A perl script for indenting .tex files

As LaTeX users we are confident that the output of our documents will almost always be beautiful. Best practices also dictate that we try to construct our code to be as robust and portable as possible; one of the things that sometimes gets overlooked, especially when working on larger documents, is the somewhat-tedious task of indenting source code, and aligning delimiter tabs.

Of course, some editors do this kind of thing for us; for example,

vim

users can (in Normal mode)  press

gg=G

which will indent the code automagically (although this action doesn’t align the delimiter tabs); I’m sure it can be done in other editors too. I had also read LaTeX code sniffer and or beautifier but found the linked Perl script didn’t behave as I wanted it to.

So, I found that I was interested in taking my own approach that I could ‘easily’ customize, which is why I wrote the Perl Script

indent.plx

which can be found at https://github.com/cmhughes/latexindent.plx. Note that you should click on “indent.plx” and then download it by clicking on the “Raw” button.

Demonstration

We’ll talk about how it works a little later, but first here’s a visual demonstration of what it does. Let’s say that we have a block of code that uses alignment delimiters, something like the

align

, or

tabular

environment that we know and love. Some typical source code might look like the following:

 

 

 

 

 

Of course, if we’re working on a small document (or posting an answer to tex exchange) and had a fair bit of time, then we might take the time to align all of the &, but it’s not usually a good use of our time.  If we’re working on a larger document, perhaps a chapter file that has around 10,000 lines, then taking care of such alignment is extremely tedious and probably not very worthwhile, especially early in the editing process.

After running the above code through

indent.plx

, we obtain

which, I hope you’ll agree, is a lot nicer to look at.

Here’s another example- a fairly standard

TikZ

picture; this example demonstrates that nested environments indent as we wish. First of all, here’s the code we start with (ugh!)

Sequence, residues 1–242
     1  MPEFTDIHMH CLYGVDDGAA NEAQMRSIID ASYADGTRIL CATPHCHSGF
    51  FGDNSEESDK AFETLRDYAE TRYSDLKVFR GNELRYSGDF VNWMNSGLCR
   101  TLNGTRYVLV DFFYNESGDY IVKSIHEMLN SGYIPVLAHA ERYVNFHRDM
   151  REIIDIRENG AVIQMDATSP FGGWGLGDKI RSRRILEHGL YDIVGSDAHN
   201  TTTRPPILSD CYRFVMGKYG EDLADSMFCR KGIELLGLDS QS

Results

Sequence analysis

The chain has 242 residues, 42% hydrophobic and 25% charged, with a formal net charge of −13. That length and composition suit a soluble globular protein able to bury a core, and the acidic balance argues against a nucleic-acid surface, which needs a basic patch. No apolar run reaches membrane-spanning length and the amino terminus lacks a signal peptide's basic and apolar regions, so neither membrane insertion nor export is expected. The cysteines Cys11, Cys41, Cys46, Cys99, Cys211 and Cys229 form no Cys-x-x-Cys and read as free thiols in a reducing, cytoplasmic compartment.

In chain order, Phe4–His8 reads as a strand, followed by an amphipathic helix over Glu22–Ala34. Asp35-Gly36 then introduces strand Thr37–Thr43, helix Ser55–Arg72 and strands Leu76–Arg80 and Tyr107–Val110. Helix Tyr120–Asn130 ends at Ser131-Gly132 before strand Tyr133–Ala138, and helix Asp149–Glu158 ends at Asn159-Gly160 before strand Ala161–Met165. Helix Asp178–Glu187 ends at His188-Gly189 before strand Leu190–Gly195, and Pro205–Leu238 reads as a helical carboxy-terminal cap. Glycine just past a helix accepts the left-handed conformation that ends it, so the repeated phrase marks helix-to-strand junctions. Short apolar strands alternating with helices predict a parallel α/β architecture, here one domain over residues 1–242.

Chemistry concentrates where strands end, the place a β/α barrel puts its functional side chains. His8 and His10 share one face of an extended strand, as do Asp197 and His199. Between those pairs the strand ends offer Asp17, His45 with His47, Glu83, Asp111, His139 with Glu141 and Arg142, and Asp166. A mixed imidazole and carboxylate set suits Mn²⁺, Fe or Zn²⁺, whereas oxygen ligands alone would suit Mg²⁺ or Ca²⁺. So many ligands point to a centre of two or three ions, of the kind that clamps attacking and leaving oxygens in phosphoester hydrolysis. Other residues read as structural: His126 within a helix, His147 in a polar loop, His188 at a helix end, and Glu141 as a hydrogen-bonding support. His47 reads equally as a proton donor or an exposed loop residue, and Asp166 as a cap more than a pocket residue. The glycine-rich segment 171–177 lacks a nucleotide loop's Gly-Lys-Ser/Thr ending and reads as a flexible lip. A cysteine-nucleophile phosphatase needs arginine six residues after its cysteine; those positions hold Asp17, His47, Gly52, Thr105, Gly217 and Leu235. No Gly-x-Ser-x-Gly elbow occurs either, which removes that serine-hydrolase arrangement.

and after running it through

indent.plx

, we obtain the following

How does it work?

The script loops through the input file, and checks for matches of the form

\begin{.*}

and

\end{.*}

. If it finds a match, then it will (by default) add a level of indentation for the block within the environment. If there are environments that you don’t wish to have indented, then you can specify them at the beginning of

indent.plx

; furthermore, if you have a special rule for indentation of a certain environment (perhaps double tab? or a single space?) you can specify that as well.

If the environment matches one that has alignment delimiters, such as

tabular

,

align

, or any other type that you specify, then the block will be stored for processing in the subroutine

format_block

. This subroutine loops through the rows, splits each row at the

&

and measures the size of the column. This allows it to output to a formatted string using

sprintf

.

The script will also match commands such as

\parbox{}

that may split their braces across lines, provided that the opening brace starts on the same line as the command,

\parbox{...

and the finishing brace finishes on its own line.

The script is mainly designed for ‘chapter’ files; by default it will not operate on the preamble.

Is this script for you?

Possibly 🙂 Hopefully. But maybe not. Whenever you’re working with a script that modifies a text file, you should be very careful. Before you try it out on your important documents, try it on the file

sampleBEFORE.tex

and see what you think. Inspect the code, and see if my (what I hope is fairly orthodox) style fits with yours. If it does, then take it for a spin on one of you own files- but please always make a back up first! The script does work in a lot of situations, but there are others when it may fail, I don’t claim that it will work for every

.tex

file ever produced.

How do you use the script?

If you’re on .*nix then you can run it from the command line using

perl indent.plx myfile.tex

and if you want to output to a file, then you can use

perl indent.plx myfile.tex> outputfile.tex

.

Of course, you could make it executable (

chmod +x indent.plx

) and put it with your other executable files- I use

/usr/local/bin

but other choices are available.

Windows users need a Perl installation. Paulo’s excellent answer to How to make the rmligs script available globally on windows will be helpful.

Moving forward

As a huge fan of open source material, I encourage anyone and everyone to dive in and make improvements. If it’s useful enough that anyone would like to collaborate and improve the script, I’d be very interested in doing so. For the moment, let’s communicate through the chat here on tex exchange.

I hope it’s useful; if it’s not directly useful, I hope that perhaps it gives you an idea of how you might make it useful, or create something of your own 🙂

Final disclaimer: I don’t claim to be a Perl expert- I’m sure that the code could be improved 🙂

8 thoughts

  1. 1) We have some entity-trouble in “perl indent.plx myfile.tex> outputfile.tex.”
    2) per indent.plx foo.tex > foo.tex results in an empty foo.tex — I assume that’s because doing so violates basic rules of command line behavior?

  2. Any possibility or interest in making this available for processing stdin? I ask as this seems like it would be useful to use as a ‘user command’ type thing in some editors, just on selected text.

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